oversize carrier

zodiac latin dictionary

all definitions provided by the oxford latin dictionary

ARIES

— ariēs, arietis. m. ram; battering-ram; the Ram (in the zodiac)
— arietō [1]. v. butt like a ram; strike violently

TAURUS

— taurus, taurī. m. bull; the constellation Taurus
taureus, -a, -um. adj. derived from a bull
— taurifōrmis, -e. adj. having the form of a bull
— taurīnus, -a, -um. adj. of or derived from a bull; made of ox-hide

GEMINI

— geminus, -a, -um. adj. twin-born; double; both (geminī is plural)
— geminō. v. double; repeat; double the force of; pair (with)

CANCER

— cancer, crī. m. crab; Cancer, the sign of the zodiac; cancer

LEO

— leō, leōnis. m. lion

VIRGO

— virgō, virginis. f. a girl of marriageable age; virgin; Virgo (constellation); aqueduct at Rome noted for the coolness of its water
— virginatās, virginātis. f. maidenhood, virginity

LIBRA

— lībra, librae. f. Roman pound (about three-quarters of a modern pound); level; balance; scales; one of the twelve signs in the zodiac
— lībrāmentum, ī. nt. weight, counterpoise

SCORPIO

— scorpiō, scorpiōnis. m. scorpion

SAGITTARIUS

— sagittārius, sagittariī. m. archer, bowman; Archer (constellation)
— sagitta, sagittae. f. arrow
— sagittifer, -era, -erum. adj. carrifying arrows; archer

CAPRICORN

— caper, caprī. i. he-goat
— capra, caprae. f. she-goat
— caprigenus, -a, -um. adj. of goats
— capripēs, -edis. adj. goat-footed
— capella, capellae. f. kid; she-goat
— cornū, cornūs. nt. horn; hoof; bill of a bird; horn of the moon; end, tip; peak, cone of a helmet; bow; trumpet; wing of any army, funnel
— corneus, -a, -um. adj. of horn, resembling horn
— corniger, -era, -erum. adj. horn-bearing, horned
— cornipēs, -edis. adj. horned-footed, hoofed

AQUARIUS

— aquārius, aquāriī. m. water-carrier; overseer of the public water supply; Water-bearer (as a constellation)
— aqua, aquae. f. water; rain; sea; lake; river
 aquārius, -a, -um. adj. relating to water
— aquāticus, -a, -um. adj. aquatic; watery, rainy
— aquātiõ, aquātiõnis. f. fetching of water
— aquātor, aquatõris. m. water-carrier
— aquor [1]. v. fetch water
— aquõsus, -a, -um. adj. abounding in water; humid, rainy

PISCES

— piscis, piscis. m. fish
— piscārius, -a, -um. adj. of or connected with fish
— piscātor, piscātoris. m. fisherman
— piscaātus, piscatūs. m. catch of fish, seafood
— piscīna, piscīnae. f. fish-pond; swimming-pool
— piscor [1]. v. fish
— piscõsus, -a, -um. adj. teeming with fish
— pisculentus, -a, -um. adj. fishy, full of fish
— pistris, pistris. f. sea monster; whale
2

This man’s photograph was pivotal in exposing the true horrors of slavery in America. His name was Peter, and possibly had the surname Gordon. I see this picture often, and recently found out Peter’s story. He escaped from the plantation of John and Bridget Lyons located in Louisiana. In order to get bloodhounds off his scent, he covered himself in onions. He went forty miles before reaching the Union camp in Baton Rogue. When he was fitted for his uniform, Itinerant photographers William D. McPherson and his partner Mr. Oliver took Carte de Visites (basically small postcard-like photos)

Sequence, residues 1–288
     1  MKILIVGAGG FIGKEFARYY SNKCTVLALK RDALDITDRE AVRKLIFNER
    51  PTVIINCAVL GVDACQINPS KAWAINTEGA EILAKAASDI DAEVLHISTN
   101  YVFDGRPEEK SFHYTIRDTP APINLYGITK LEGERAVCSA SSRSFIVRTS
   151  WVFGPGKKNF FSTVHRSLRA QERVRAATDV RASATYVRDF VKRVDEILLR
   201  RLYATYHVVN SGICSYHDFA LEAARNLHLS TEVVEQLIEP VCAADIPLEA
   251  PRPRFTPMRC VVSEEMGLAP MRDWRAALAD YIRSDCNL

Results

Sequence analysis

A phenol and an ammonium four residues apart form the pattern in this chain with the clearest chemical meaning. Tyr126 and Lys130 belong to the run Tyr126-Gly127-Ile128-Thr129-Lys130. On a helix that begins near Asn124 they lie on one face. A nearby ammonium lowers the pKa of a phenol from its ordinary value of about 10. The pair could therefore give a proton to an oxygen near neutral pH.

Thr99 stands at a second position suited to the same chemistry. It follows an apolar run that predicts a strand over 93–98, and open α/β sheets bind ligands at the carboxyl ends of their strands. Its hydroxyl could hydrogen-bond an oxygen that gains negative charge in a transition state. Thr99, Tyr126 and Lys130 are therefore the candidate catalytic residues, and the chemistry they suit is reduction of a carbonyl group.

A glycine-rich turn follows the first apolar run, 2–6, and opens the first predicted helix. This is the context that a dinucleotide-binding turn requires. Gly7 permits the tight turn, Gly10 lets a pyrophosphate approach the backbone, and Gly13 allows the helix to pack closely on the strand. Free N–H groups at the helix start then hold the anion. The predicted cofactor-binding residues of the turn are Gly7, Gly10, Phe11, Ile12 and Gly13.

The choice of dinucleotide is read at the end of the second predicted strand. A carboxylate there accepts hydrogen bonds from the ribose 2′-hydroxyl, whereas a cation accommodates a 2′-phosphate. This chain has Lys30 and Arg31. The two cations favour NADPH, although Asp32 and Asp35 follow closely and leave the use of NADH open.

In his own words, Peter explains the keloids on his body:

   “Ten days from to-day I left the plantation. Overseer Artayou Carrier whipped   me. I was two months in bed sore from the whipping. My master come after I was whipped; he discharged the overseer.My master was not present. I don’t remember the whipping. I was two months in bed sore from the whipping and my sense began to come – I was sort of crazy. I tried to shoot everybody. They said so, I did not know. I did not know that I had attempted to shoot everyone; they told me so. I burned up all my clothes; but I don’t remember that. I never was this way (mentally ill) before. I don’t know what make me come that way (mentally ill ). My master come after I was whipped; saw me in bed; he discharged the overseer. They told me I attempted to shoot my wife the first one; I did not shoot any one; I did not harm any one. My master’s Capt. JOHN LYON, cotton planter, on Atchafalya, near Washington, Louisiana. Whipped two months before Christmas.”

During the war, Confederate soldiers took Peter Gordon as a prisoner of war. He was beaten badly and left for dead. As Peter’s iconic photograph shows, he always had a quiet strength and dignity in the face of adversity. Peter would go on to be one of the first  Sergeants in the Corps d'Afrique during the Siege of Port Hudson in May 1863.

2
  • Carrie Mae Weems, detail from From Here I Saw What Happened and I Cried, 1995.
  • Scars of a whipped slave, Photo taken at Baton Rouge, Louisiana 1863. In his own words, “Overseer Artayou Carrier whipped me. I was two months in bed sore from the whipping. My master come after I was whipped; he discharged the overseer.”

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